Electric energy

Examples of electrical energy, use and applications

Examples of electrical energy, use and applications

Since the appearance of electricity, its use has grown exponentially.

In its beginnings, the use of electrical energy was relegated to industry and lighting. However, little by little a large number of electrical elements have appeared that have completely changed our lives.

Here are some examples of electrical energy:

1. Light energy

Electric energy is used to generate light.

The first to invent the light bulb was Thomas Alba Edison. Eddison discovered that when an electric current circulated through a resistor, the Joule effect it produced could generate light.

Little by little this technology has changed and led lights have appeared. However, in all cases, they work with an electrical power source.

2. Electric motors

Electric motors are machines that transform electrical energy into mechanical energy. They normally provide this energy in the form of kinetic energy by rotating a shaft.

Electric motors added to the electricity supply in homes has been a revolution in people's quality of life. Some examples of devices that use electric motors that we can find at home are:

  • Washing machine.

  • Electric screwdriver.

  • Dishwasher.

  • Crusher.

  • Kitchen extractor.

  • Water Pump.

3. Electrical storms

Electrical storms are a type of electrical energy that produces electrical discharges naturally.

These discharges can be discerned as a flash of light, a bolt of lightning, followed by a high-pitched or dull rumbling sound, a thunderclap.

Thunderstorms are clouds in which a potential difference is created by separating charges.

4. Power plants

Power plants are facilities intended to generate electricity. There are many types of power plants with the capacity to generate electrical energy, such as:

  • Thermoelectric plants: these types of plants use sources of thermal energy to produce electricity. The most common are combined cycle power plants, which use fossil fuels, and nuclear power plants that take advantage of the energy from the nuclear reactions of Uranium atoms.

  • Photovoltaic installations: these types of installations take advantage of a property of certain materials such as Silicon to release electrons from solar radiation. Photons of light from the Sun impact on solar panels causing electrons to detach from the atoms that compose them. The sum of these electrons generate a continuous electric current.

  • Other renewable energy installations: in addition to solar energy, there are many other sources of energy that allow generating electricity in a sustainable way, such as wind energy, hydraulic energy or geothermal energy.

Grid-connected power plants use current transformers to supply energy in the form of alternating current. This energy has the advantage that it can be transported through power lines.

5. Electromagnets

The electromagnet is an electrotechnical element formed by a core of ferromagnetic material (usually soft iron) on which a coil of many turns of electrical wire is wound.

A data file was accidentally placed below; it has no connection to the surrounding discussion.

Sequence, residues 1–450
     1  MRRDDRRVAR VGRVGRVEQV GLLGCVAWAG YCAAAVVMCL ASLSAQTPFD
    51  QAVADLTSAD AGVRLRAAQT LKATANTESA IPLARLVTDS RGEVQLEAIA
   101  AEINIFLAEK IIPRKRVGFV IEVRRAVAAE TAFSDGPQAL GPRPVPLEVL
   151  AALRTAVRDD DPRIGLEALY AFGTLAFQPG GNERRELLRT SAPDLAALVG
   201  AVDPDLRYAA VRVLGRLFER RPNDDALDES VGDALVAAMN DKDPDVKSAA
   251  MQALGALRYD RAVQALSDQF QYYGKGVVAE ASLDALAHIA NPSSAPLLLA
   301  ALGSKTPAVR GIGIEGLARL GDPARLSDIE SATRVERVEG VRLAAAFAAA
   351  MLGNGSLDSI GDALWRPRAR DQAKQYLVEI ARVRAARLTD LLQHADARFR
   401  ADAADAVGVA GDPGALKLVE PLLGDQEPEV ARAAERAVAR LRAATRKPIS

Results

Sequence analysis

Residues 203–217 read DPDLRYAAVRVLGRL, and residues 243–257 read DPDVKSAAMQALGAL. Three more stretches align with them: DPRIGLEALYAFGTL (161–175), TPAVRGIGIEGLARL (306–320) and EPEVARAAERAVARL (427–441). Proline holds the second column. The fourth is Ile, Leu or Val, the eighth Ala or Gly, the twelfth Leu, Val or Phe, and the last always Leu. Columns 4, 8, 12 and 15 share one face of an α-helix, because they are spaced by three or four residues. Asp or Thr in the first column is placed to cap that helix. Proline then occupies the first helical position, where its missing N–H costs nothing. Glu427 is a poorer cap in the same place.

The purpose of the electromagnet is to generate a magnetic field from an electric current. As soon as the current is removed, the iron loses its magnet status.

The electromagnet often looks like a horseshoe and has conductive wires wrapped around it like a mat. When current passes through this mat, the iron core becomes magnetized.

6. Heat generators

When a current passes through an electrical conductor it generates heat as established by Joule's law. In general, this would be a disadvantage of electrical energy, but on the other hand, it allows us to generate heat.

Some examples where this effect is used to generate heat are:

  • Electric stoves.

  • Toasters.

  • Water heaters.

  • Heat pumps.

7. Air conditioners and refrigerators

Air conditioners and refrigerators are a particular case of heat generators.

The operating system follows the following steps:

  • Compress the air to be cooled. As the pressure rises, the temperature rises.

  • Circulate compressed air through a heat exchanger together with air at room temperature. Due to the first and second laws of thermodynamics, heat from compressed air is transferred to air at room temperature.

  • The air is decompressed and, as the pressure decreases, the temperature decreases, so we have air at a temperature lower than that of the environment.

8. Electrochemistry

Electrochemistry is a branch of chemistry that deals with processes that involve the transfer of electrons through an external electrical circuit and not by direct exchange as occurs with oxidation-reduction reactions.

It is, therefore, the chemical transformations produced by the passage of electricity in certain chemical systems and the production and storage of electricity through chemical transformations.

An example of electrochemical processes are those that occur when a battery is charged and discharged.

9. Electronic circuits

The electronic circuits that surround us are examples through which electrical energy circulates. Electric current constantly circulates through these circuits interacting with their elements, transmitting impulses and signals.

Some examples of electronic circuits are:

  • Computers

  • Phones.

  • Televisions

  • Digital watches.

  • Solenoid valves.

Data de publicació: June 8, 2020
Última revisió: September 14, 2021